Treatment can help in the borderline family and it begins with information
Pursuing peace does not require passivity and weakness, but rather discipline and courage

When the borderline mother's motto is "Life is too hard"

Waif Borderline Personality Disorder can manifest itself in mutliple ways. In her book, Understanding The Borderline Mother, Dr. Christine Lawson describes four role types which BPD is exemplified by: the Waif, the Hermit, the Queen, and the Witch. These role types are not mutually exclusive and characteristics of these types over overlap and inter mix.

The Waif seems to want soothing and often leaves others feeling helpless because she is often inconsolable. As Dr. Lawson writes that the Waif might say, "I can't allow myself to need your help and be in control at the same time."  The irony is that the Waif feels that in accepting help she is loosing control.

The Waif can self soothe with the compulsive use of alcohol, drugs, money, food, sex, work, and likes to play the role of the martyr. She can often become hysterical to get attention.

Unfortunately, nothing others do for the Waif seems to be quite good enough. She could be described as a bottomless pit in that if you give an inch, she will want a foot, and if you give a foot, she will want a yard, etc. Others usually wind up feeling "used" and burned out and then will avoid her only compounding her fears of abandonment and rejection which leads to the dysphoria and anxiety which are the beginning of the self reinforcing cycle all over again.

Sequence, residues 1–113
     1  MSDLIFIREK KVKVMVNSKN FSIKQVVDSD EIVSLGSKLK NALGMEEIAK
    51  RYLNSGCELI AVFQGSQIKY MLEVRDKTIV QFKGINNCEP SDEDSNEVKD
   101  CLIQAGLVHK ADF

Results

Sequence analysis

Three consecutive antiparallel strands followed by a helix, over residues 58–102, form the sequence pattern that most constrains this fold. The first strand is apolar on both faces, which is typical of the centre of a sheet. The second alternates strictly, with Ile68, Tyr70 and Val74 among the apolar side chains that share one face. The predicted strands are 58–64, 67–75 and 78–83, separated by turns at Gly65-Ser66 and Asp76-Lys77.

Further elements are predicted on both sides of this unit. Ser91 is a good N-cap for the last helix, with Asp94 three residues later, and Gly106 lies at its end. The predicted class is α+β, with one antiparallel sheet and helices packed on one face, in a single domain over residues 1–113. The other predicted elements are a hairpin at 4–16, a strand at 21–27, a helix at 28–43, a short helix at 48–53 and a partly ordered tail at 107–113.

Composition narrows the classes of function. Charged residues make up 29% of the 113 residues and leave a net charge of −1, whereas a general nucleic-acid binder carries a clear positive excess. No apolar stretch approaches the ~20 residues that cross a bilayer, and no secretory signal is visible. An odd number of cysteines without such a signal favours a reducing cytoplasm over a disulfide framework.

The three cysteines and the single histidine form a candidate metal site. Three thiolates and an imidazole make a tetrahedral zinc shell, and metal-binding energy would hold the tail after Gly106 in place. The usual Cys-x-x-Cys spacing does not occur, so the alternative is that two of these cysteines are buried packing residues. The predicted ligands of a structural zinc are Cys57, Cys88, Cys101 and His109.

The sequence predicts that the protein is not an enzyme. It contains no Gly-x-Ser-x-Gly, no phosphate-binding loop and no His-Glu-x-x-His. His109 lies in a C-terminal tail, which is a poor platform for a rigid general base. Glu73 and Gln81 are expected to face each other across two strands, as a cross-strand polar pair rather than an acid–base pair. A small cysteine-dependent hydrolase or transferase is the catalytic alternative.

The Waif rarely has insight into her own behavior and is more likely to play the victim than to take any responsibility. If challenged to take responsibility she will either further sink into helplessness or flip and accuse others of persecuting her.

Dr. Lawson writes:

"Loss or abandonment can trigger psychotic reactions. Abandonment or rejection by her partner arouses rage in the Waif, as she seeks to annihilate the one who failed to love her perfectly." p. 72

I worked in Psychiatric Emergency Rooms for over 18 years and estimate that over that period of time I peformed over 14,500 suicide assessments. The only patient I lost was a woman in her 30s who had had several admissions to the psychiatric floor for suicide attempts. Her problems had been diagnosed as borderline personality disorder. When I interviewed her at 3:00 AM in the morning she attributed her suicidality to her break up from the tumultuous relationship which she had with her boyfriend. We worked out arrangements for her to spend the next few days with her father and for her to see her therapist later in the day. Apparently, in the morning, instead of keeping her appointment with her therapist she sought out her estranged boyfriend where a further argument occured. She reportedly grabbed his rifle from his house and went into the front yard where she proceeded to shoot herself as he watched from the front door. Unfortunately, she died.